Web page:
A Japanese women's prison has been painted pink to accommodate the inmates, prompting complaints of sexism among social media users.
The newly opened Saijo branch of Matsuyama prison, in the Ehime Prefecture on the island of Shikoku, was built to address the problem of overcrowing in Japanese prisons.
Currently, there are 3,440 female inmates confined to seven correctional facilities - which are built to hold a maximum of 3,342 people.
The new prison reportedly offers a variety of facilities and services to cater to women's needs, including a gynaecology department. The majority of guards are female but, most strikingly, the doors, windows and furniture have all been painted pale pink.
A prison spokesperson said the original white doors were changed to pink in order to relieve the inmates' "feelings of oppression".
According to Hidehito Nakahira, the prison's general manager, the facility had been designed with inmates' comfort in mind and allowed them to focus on work and rehabilitation, while allowing guards to supervise safely and easily.
The prison also has a special area for prisoners with children under the age of one. According to Japan Today, it was completed on 29 August, at a cost of around 160 million yen (around £935,900).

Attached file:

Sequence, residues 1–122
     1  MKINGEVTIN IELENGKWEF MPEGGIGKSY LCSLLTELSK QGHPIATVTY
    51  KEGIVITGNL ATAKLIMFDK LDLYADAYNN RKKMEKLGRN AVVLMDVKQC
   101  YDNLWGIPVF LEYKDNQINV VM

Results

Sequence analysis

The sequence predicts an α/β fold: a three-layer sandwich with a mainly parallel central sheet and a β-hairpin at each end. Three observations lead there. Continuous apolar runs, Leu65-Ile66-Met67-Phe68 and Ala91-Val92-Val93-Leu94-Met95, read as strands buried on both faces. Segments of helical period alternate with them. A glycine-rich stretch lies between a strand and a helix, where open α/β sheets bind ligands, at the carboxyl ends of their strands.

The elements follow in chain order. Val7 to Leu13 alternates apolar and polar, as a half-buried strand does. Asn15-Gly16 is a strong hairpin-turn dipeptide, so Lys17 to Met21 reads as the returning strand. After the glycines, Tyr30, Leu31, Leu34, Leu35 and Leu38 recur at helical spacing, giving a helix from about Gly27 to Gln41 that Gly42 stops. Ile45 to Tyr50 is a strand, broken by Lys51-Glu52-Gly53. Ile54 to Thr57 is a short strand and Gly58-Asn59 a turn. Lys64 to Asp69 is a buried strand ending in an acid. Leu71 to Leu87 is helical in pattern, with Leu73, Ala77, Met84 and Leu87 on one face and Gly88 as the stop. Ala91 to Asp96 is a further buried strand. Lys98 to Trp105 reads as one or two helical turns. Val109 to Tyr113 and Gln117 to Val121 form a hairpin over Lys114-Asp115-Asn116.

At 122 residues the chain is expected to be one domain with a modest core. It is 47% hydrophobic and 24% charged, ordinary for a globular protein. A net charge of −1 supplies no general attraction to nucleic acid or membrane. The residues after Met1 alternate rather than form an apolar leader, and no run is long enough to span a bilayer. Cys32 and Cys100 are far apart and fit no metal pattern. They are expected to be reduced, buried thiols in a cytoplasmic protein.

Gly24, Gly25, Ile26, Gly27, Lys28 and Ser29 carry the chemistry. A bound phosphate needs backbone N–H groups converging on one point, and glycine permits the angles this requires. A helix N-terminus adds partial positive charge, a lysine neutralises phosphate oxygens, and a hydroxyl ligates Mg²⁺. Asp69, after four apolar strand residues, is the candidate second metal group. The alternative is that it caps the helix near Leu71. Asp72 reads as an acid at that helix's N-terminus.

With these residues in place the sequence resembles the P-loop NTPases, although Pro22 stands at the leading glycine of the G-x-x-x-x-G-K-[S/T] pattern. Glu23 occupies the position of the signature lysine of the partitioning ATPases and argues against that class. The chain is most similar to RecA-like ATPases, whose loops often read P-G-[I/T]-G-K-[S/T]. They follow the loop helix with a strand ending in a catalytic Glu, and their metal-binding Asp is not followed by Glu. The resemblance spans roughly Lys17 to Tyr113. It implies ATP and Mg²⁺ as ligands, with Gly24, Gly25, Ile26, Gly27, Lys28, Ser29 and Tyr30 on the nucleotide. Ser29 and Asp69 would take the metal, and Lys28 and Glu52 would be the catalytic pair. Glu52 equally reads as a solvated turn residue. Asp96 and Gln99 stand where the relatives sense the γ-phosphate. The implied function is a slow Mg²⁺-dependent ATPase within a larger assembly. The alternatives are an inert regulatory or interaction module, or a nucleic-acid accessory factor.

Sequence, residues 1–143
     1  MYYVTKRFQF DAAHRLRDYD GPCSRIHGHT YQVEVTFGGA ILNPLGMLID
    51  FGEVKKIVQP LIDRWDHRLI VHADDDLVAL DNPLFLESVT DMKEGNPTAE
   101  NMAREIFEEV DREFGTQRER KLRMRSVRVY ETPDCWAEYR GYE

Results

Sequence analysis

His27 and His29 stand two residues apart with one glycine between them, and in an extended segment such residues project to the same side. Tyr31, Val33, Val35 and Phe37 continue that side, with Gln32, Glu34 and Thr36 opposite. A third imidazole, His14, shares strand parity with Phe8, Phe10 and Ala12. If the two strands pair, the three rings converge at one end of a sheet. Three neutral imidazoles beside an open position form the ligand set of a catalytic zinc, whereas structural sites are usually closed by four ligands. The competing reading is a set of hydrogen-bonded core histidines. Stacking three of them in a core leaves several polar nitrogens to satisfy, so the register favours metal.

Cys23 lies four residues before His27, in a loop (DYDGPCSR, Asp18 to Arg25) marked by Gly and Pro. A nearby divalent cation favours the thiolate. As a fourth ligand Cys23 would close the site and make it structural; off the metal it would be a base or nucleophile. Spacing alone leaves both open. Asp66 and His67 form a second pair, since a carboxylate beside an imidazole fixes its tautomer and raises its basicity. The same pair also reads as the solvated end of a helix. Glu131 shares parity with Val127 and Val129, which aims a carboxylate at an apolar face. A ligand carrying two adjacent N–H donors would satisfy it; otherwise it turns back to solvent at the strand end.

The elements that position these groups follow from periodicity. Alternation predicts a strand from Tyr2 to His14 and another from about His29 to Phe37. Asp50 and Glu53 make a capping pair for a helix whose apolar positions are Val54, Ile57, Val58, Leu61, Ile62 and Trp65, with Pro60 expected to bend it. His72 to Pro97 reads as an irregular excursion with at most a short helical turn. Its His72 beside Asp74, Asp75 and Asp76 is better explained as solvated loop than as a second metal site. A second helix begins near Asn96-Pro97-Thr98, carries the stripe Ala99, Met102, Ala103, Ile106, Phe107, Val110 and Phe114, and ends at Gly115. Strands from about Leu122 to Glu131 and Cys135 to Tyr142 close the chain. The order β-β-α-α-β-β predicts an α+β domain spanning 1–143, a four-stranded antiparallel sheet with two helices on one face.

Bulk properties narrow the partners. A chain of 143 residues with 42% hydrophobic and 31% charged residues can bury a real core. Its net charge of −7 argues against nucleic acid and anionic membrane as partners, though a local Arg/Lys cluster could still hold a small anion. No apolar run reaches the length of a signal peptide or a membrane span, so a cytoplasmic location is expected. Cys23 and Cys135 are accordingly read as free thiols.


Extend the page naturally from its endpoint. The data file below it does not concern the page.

The prison will house 83 female inmates from November, in 33 single-occupant cells and 10 communal cells, which can hold five prisoners.
Japan's 188 prisons and detention centres have come under international criticism for draconian rules, widespread use of solitary confinement, lack of basic facilities and secrecy. In February 2013, the government unexpectedly announced it had hanged three men for murder.
In an effort to improve its image in the community, Japan's largest jail, Fuchu Prison, holds an annual "culture festival" - inviting members of the public to come to the facility and enjoy food made by inmates.